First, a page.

Smell, or taste, is supposedly the sense most vividly associated with memory.

(See Remembrance of Things Past, Volume 1: Swann’s Way, by Marcel Proust, who unintentionally immortalized madeleines in his novel.)

But for me, it’s hearing. More specifically, hearing music. The other day, I was listening to the Beach Boys’ Do It Again, and it put me right back in that sweet spot where I always want to be whenever I hear it, a time when everything was about as ecstatic as it could ever be.

People say it’s the music of your era, by which I think they mean your youth. But I’m not sure I buy that. What is my era, anyway? I think this is still my era. I’ve loved that song for many, many years—since it came out, in fact, in 1969. It is ultimate nostalgia but it’s much more than that. It’s a kick-ass jam, one of the greatest ever.

Another tune on the Beach Boys CD (notice old school format) I was digging was Sail On, Sailor, whose lead vocal is by Brian Wilson’s little brother, Carl, who proves on this song once and for all what a talented singer he was. The bridge on this song always kills me:

Always needing, even bleeding
Never feeding all my feelings
Damn the thunder, must I blunder
There's no wonder all I'm under
Stop the crying and the lying
And the sighing and my dying

Sail on, sail on sailor

It’s not the words, though I am a word man, but Brian Wilson’s incredible, amazingly wonderful melody and harmonies and rhythms. He’s got to be right up there with Paul and John as the greatest rock'n'roll song writers of all time (Paul certainly thinks so).

I love so many Beach Boys songs, especially those from their later psychedelic era, but I still love the early tunes, too. California Girls. Fun Fun Fun. Wouldn’t It Be Nice. And of course Good Vibrations and Heroes and Villains.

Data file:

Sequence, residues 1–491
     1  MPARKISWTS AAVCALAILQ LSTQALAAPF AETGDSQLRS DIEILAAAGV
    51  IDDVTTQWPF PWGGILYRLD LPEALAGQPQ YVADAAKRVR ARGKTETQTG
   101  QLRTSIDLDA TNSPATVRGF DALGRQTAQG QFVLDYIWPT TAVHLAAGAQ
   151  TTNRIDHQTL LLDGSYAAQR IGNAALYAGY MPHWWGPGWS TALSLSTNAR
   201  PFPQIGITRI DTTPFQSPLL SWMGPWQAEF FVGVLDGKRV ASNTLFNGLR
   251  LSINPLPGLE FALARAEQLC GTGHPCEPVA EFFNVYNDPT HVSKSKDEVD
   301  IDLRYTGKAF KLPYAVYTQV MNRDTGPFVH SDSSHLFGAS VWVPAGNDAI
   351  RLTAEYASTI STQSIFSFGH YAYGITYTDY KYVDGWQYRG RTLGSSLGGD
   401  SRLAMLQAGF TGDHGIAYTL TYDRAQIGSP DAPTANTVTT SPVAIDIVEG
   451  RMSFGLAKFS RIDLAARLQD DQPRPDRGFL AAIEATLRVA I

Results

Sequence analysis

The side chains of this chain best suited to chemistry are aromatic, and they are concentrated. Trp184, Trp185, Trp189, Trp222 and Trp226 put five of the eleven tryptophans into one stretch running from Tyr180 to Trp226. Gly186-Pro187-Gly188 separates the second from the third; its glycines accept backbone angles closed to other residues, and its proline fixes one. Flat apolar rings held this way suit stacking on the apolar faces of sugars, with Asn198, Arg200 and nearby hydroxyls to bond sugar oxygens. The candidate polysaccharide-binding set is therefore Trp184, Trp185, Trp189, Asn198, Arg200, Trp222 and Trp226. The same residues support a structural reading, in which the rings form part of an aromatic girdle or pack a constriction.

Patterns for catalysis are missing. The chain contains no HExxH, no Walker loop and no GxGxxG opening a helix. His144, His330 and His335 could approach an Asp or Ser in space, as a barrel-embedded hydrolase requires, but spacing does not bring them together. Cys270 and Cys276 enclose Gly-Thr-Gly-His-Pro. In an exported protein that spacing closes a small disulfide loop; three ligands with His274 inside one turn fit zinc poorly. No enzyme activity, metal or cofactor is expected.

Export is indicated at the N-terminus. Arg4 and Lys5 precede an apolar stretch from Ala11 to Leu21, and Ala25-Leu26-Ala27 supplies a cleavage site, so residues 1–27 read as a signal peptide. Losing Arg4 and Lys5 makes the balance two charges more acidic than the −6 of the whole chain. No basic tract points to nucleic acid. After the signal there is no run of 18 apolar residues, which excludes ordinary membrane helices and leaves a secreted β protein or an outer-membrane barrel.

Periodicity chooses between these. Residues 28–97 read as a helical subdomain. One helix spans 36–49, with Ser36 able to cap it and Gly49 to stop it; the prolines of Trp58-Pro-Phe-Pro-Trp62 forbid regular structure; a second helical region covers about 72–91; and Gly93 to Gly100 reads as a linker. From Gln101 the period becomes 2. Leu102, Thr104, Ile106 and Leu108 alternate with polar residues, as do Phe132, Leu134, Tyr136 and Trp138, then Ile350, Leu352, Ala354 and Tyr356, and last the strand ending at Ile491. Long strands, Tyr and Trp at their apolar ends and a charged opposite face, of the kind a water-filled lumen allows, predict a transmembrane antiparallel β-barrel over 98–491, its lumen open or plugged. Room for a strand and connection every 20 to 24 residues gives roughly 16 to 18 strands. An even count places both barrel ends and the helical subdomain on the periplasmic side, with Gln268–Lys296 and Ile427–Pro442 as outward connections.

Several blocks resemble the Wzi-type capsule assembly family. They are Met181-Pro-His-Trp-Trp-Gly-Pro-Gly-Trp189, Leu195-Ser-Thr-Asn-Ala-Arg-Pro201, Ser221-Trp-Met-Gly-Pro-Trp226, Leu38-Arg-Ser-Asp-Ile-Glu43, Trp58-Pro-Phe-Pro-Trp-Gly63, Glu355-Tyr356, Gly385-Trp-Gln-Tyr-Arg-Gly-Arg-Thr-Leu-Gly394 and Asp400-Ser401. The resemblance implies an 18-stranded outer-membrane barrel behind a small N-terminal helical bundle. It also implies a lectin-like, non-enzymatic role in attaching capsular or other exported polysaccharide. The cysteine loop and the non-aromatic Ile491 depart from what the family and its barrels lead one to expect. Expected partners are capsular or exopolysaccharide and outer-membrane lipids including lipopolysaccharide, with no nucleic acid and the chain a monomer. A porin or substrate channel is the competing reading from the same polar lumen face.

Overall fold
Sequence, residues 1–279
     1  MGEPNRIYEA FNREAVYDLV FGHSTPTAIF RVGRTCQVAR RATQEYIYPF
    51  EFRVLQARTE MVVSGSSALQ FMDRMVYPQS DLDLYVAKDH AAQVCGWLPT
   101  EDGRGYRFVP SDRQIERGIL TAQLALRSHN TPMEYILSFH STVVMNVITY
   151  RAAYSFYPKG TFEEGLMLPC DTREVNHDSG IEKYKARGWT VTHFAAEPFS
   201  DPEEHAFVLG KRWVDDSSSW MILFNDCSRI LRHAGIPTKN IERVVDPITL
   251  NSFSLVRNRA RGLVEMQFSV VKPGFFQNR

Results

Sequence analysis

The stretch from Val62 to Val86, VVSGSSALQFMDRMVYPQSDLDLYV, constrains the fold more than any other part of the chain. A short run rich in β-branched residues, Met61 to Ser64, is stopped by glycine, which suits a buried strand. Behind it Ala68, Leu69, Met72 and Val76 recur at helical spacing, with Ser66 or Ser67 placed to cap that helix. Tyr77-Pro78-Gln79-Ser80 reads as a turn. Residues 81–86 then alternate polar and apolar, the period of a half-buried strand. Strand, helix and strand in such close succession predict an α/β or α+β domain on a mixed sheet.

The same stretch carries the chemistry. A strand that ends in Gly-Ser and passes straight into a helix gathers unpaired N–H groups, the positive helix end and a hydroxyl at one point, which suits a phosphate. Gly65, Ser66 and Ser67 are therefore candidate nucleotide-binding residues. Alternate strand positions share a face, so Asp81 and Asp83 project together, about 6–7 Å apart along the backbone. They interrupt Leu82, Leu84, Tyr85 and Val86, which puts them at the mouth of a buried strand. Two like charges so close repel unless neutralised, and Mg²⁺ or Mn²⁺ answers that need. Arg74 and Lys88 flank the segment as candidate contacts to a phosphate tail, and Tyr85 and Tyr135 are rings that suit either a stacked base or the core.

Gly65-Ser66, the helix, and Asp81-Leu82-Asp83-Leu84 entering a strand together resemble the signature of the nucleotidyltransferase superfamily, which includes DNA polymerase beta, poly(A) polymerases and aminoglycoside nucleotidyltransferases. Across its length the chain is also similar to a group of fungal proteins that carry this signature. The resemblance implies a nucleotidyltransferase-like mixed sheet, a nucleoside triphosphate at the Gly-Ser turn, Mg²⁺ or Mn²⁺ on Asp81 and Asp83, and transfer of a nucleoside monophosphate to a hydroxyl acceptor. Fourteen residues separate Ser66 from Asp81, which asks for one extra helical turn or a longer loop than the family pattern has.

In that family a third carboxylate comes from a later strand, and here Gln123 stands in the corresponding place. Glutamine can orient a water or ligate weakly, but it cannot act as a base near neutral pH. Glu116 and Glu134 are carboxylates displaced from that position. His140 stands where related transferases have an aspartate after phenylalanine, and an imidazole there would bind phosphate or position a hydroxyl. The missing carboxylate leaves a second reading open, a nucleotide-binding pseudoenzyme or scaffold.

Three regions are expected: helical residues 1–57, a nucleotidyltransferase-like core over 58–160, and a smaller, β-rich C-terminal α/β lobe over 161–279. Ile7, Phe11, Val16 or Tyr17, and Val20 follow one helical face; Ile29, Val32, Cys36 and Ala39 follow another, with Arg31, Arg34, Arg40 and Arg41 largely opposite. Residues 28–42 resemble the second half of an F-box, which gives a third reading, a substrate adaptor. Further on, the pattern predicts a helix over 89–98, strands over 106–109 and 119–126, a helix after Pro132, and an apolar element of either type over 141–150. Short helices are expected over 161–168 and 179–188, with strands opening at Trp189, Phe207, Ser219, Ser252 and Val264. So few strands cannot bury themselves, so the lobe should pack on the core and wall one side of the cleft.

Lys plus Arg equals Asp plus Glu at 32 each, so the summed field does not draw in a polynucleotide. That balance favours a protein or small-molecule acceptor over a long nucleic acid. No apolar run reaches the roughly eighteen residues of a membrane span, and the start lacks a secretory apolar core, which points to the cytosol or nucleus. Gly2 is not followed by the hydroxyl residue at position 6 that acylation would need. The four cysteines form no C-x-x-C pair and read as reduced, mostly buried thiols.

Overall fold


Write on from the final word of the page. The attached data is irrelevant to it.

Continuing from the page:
I consider it tragic, and unimaginable, that after coming out with the fabulous album containing Brian's That’s Why God Made The Radio and other tunes that Mike Love could have the cojones to fire Brian Wilson from the Beach Boys. Man, that’s like firing Beethoven or Mozart. How do you do that?

Anyway, when I read books, or see period films, about my era, I’m  swept up in the stories. But when I want to time travel and make the past live again, I mean really come alive like it still exists, I listen to music. And I’m right there.

Saturday, July 5, 2014

Where I'm From ...

Now that I’m out of school once again (finished up my MFA at Spalding U. in June), I feel like I want to open up some new doors of communication, one of them being through blogging. I intend to focus mainly on writing issues, but they have a way of spilling over into broader areas, don’t they? I invite everyone to join me in the conversation at

My workshop prof this time, the wonderful and great Neela Vaswani, is a big fan of writing exercises, which I have always dreaded. Neela read to us George Ella Lyon's poem, "Where I'm From," saying it could provide ideas to inspire our own writing. Here are Lyon’s opening lines:

I am from clothespins, / from Clorox and carbon tetrachloride. / I am from the dirt under the back porch. / (Black, glistening / it tasted like beets.)”
Now I’d say that’s some pretty wonderful imagery. Imagine my dismay upon learning our assignment was to write a poem of our own with each line beginning, ”I am from a place …” or some variation. Backed against the wall, here’s what I wrote:

I am from a place … that hates writing exercises, yet here I am doing another one …
… from a tradition that commands obedience, but I am by nature and inclination a rebel …
… azaleas and rhodendrons, dogwood and red bud, beauty that can make my heart ache …
… hot humid summers and cold gray winters that drive me indoors and keep me there …
… where a mother who had dementia used to ask after every activity, “What now?”
… a wife who insists that I say the same things as my mother …
… a puzzling nation that produces miracles but cannot solve the simplest problems …
… a human race so self-absorbed that it seems bent on self-destruction …
… a planet I’d love for my unborn grandchildren to inherit in a habitable condition, but probably won’t …
… beauty and ugliness, happiness and sorrow, mysterious beginnings and equally mysterious endings.

In spite of my initial lack of enthusiasm, it opened me up by forcing me to try and say something meaningful on the spot--no doubt Neela's intention. As a result, I now have a different view of writing exercises, particularly for students. I wonder how others feel about writing exercises? Do they help unlock inhibitions? Serve as a catalyst for new beginnings?